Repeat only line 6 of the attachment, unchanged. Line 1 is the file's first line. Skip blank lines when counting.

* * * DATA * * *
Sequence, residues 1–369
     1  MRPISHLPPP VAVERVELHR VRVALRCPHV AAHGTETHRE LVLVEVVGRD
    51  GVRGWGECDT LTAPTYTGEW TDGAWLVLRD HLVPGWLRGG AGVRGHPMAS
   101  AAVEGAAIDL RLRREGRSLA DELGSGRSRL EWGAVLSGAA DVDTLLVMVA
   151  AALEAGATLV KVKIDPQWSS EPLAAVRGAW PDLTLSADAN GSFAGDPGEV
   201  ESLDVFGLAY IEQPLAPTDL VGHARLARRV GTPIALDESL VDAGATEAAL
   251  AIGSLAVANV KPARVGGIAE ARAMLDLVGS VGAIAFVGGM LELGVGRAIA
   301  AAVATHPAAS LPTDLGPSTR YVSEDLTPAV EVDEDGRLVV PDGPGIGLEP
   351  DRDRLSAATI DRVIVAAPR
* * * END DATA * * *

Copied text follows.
   201  ESLDVFGLAY IEQPLAPTDL VGHARLARRV GTPIALDESL VDAGATEAAL